I will do my best to post my thoughts about teaching online here at The Way of Improvement Leads Home
The registration for the course is currently closed.

Gilder Lehrman Institute Names Its 2015 Teacher of the Year

Her name is Mary Huffman and she teaches fifth grade at Charles Pickney Elementary School in Mount Pleasant, South Carolina.  Huffman joins the ranks of the other fine teachers who have won this award, including Nathan McAlister, my partner in crime in the GLI “13 Colonies” seminar at Princeton University.


 Here is the Gilder-Lehrman press release:

New York, NY (August 18, 2015): The Gilder Lehrman Institute of American History is pleased to announce that Mary Huffman from Mount Pleasant, South Carolina, has been named the 2015 National History Teacher of the Year. Started in 2004, the award highlights the crucial importance of history education by honoring exceptional American history teachers from elementary school through high school.

Ms. Huffman will receive a $10,000 award and attend a ceremony in her honor at the Yale Club in New York City on October 19, 2015. The award will be presented by Robin Roberts, co-anchor on ABC’s morning show Good Morning America.

Mary Huffman teaches fifth grade at Charles Pinckney Elementary, a public school in Mount Pleasant, South Carolina. She uses hands-on lessons to help her students “become active American citizens who make positive changes in the future.” Her students create care packages, write letters to US troops, and participate in veteran’s week celebrations by inviting soldiers into the classroom. Ms. Huffman has also designed an interactive unit that includes a WWII draft simulation.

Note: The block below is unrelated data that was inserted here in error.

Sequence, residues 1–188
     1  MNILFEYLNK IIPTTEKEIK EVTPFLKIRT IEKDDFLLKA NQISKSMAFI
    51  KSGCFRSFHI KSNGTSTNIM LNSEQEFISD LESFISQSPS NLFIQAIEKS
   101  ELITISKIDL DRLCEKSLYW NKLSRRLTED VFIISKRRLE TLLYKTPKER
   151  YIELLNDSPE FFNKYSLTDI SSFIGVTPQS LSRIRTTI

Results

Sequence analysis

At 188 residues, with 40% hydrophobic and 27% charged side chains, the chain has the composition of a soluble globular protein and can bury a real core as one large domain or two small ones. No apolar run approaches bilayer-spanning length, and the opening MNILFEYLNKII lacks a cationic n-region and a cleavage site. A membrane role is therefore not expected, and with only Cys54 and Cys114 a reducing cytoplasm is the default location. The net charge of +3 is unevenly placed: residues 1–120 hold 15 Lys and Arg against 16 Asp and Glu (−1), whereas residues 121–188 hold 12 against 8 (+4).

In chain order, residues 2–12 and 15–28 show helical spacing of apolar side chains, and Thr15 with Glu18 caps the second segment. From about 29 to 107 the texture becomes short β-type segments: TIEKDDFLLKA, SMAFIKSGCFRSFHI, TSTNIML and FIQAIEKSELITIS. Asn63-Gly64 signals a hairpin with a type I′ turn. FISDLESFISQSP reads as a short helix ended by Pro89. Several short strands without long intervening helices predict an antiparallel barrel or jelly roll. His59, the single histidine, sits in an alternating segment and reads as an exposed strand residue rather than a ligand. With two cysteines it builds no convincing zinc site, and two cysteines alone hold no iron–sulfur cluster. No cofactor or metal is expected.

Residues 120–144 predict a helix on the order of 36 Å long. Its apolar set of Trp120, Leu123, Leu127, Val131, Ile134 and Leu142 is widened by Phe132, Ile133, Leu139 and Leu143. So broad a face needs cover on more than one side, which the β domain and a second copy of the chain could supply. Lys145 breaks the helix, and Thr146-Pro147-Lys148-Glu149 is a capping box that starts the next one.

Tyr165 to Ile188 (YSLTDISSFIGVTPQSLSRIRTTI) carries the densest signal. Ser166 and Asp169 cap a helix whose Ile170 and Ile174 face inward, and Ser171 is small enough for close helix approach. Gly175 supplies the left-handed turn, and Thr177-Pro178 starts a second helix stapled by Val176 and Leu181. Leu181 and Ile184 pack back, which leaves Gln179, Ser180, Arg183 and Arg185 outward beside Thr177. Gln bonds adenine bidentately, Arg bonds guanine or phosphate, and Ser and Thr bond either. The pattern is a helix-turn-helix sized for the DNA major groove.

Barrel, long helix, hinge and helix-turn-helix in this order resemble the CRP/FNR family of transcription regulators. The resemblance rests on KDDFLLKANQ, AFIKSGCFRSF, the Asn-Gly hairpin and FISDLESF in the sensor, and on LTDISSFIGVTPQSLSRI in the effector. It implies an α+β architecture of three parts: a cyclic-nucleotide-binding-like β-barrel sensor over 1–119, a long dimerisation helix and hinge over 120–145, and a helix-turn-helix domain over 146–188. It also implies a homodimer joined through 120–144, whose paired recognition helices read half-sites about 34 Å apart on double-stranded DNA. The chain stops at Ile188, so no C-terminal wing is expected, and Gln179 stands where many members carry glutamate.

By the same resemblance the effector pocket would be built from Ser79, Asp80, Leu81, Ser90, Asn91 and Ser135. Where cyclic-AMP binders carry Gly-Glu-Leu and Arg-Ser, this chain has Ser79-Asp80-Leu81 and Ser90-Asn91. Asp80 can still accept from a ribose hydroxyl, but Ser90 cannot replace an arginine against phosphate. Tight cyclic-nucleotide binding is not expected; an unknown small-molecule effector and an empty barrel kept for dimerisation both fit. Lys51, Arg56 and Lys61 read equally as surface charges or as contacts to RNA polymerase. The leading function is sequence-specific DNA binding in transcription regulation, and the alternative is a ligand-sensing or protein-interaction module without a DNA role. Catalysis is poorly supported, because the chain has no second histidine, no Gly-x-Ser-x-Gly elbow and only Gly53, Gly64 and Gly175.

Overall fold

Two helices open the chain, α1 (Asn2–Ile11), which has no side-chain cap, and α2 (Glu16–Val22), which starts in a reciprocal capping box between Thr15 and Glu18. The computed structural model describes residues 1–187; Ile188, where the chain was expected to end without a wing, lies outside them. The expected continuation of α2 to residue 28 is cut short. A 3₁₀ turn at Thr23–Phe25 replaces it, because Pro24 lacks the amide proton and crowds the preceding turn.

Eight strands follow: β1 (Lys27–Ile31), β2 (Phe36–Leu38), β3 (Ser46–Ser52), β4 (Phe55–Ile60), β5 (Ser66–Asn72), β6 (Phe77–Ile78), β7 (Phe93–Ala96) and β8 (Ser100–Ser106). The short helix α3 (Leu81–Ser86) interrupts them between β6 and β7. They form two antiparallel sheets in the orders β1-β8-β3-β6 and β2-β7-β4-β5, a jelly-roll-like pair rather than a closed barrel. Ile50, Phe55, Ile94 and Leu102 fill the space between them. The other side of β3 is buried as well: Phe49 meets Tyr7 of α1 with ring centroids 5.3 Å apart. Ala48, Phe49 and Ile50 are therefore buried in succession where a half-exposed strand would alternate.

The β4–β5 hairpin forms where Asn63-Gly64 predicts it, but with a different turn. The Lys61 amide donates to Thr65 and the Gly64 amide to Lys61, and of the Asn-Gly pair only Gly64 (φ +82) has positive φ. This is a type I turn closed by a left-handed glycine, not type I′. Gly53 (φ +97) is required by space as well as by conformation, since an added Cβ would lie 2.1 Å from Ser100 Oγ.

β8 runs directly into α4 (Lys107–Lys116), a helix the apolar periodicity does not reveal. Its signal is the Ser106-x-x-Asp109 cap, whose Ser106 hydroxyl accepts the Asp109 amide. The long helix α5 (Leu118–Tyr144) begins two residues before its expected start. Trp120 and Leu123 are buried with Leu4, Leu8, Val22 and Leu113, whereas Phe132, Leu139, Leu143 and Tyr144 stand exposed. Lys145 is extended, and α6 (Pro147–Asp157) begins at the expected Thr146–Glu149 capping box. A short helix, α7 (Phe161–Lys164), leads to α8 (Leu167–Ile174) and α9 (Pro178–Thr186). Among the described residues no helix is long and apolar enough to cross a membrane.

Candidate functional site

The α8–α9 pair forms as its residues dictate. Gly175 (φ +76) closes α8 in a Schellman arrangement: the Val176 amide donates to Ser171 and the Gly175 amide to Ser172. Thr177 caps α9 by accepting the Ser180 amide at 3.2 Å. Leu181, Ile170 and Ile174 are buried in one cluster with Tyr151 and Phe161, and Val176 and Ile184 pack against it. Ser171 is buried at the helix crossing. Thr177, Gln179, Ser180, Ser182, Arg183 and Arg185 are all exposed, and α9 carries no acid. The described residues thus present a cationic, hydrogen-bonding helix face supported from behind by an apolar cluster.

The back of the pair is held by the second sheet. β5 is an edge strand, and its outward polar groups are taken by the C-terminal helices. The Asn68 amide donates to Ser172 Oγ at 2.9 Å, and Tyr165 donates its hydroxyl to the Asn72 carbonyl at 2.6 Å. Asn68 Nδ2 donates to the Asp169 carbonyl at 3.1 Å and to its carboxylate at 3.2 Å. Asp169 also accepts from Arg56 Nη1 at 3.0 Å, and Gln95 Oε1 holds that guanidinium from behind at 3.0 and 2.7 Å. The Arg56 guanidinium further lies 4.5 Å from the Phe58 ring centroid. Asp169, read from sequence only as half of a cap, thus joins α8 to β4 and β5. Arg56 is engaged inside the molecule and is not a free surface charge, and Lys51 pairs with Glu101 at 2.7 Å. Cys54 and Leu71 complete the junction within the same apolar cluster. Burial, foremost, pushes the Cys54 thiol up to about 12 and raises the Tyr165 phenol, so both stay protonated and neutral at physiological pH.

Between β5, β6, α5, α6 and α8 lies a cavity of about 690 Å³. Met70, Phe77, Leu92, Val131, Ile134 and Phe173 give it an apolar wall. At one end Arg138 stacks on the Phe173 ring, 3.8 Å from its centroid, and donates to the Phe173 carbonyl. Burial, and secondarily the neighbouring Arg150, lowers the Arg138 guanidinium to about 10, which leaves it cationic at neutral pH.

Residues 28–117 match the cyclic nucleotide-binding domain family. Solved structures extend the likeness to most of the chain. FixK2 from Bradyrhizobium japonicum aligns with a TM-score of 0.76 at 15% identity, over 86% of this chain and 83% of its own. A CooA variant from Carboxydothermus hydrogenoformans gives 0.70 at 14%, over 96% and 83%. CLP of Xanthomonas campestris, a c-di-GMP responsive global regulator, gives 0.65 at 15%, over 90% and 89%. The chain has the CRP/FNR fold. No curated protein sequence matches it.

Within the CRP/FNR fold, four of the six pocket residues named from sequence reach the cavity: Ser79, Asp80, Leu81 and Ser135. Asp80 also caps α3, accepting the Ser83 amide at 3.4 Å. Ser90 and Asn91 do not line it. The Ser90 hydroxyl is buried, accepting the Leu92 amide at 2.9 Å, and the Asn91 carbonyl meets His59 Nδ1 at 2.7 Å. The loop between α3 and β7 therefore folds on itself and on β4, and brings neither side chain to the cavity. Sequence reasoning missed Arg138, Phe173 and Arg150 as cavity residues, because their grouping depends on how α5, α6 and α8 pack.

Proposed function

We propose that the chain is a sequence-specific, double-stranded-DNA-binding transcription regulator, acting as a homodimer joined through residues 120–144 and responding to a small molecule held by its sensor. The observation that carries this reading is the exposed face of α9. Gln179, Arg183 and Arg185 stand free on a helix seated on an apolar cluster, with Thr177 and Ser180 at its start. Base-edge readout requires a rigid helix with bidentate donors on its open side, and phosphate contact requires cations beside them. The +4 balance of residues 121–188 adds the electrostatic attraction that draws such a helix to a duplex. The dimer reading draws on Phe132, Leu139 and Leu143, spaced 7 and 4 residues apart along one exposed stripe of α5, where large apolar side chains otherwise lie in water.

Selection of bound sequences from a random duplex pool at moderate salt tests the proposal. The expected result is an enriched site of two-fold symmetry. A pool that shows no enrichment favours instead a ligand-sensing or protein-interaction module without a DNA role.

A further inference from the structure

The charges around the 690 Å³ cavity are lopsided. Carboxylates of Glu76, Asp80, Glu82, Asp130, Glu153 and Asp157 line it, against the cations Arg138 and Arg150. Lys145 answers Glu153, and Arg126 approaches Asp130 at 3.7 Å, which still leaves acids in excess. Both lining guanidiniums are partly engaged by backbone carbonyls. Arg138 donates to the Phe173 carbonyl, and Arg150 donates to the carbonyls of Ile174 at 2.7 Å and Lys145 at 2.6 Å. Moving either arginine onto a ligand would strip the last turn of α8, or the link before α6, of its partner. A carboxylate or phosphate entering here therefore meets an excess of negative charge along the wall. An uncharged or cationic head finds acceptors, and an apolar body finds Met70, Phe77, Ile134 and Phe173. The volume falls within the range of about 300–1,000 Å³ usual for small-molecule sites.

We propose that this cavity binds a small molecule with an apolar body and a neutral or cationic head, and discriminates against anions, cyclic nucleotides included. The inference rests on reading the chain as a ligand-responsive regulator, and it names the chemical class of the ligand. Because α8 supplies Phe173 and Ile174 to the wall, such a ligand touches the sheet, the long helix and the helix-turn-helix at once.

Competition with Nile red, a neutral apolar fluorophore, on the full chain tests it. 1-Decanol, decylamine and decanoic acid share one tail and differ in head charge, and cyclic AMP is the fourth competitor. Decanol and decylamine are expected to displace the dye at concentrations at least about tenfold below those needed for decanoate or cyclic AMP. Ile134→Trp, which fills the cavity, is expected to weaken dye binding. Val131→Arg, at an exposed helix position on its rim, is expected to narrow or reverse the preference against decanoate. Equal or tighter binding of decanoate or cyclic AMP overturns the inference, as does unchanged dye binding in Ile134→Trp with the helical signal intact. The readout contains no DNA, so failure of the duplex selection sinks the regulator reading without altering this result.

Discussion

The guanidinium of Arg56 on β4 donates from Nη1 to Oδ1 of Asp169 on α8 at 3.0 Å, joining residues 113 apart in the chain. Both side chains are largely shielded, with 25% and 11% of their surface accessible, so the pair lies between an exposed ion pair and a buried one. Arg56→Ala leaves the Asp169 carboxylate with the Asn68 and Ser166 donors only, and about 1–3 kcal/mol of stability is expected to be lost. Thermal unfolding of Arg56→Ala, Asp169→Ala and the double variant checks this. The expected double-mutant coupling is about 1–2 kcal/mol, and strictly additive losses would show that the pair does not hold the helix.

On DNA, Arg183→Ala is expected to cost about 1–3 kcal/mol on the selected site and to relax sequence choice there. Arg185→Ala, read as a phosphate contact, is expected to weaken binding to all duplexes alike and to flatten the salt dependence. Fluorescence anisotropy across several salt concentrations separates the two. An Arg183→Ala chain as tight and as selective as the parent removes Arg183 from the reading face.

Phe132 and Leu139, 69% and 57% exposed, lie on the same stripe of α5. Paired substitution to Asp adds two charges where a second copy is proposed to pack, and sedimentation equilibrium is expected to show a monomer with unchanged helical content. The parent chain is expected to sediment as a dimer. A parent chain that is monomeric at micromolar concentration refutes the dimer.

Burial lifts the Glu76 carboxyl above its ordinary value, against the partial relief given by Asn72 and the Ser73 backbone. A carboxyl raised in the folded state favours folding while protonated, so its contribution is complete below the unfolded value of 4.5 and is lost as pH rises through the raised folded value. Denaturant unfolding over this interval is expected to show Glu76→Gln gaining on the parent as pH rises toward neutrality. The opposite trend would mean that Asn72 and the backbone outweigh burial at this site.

“It is essential that the past is not forgotten, and teachers hold the tools to pry open old hope chests to uncover dusty photo albums from the past,” Ms. Huffman explains. Each week, she dresses up in clothing from the era being studied, allowing her students to get up close and personal with historic artifacts, such as twenties flapper dresses, nineteenth-century Native American fringed pants, and military uniforms from the Vietnam era.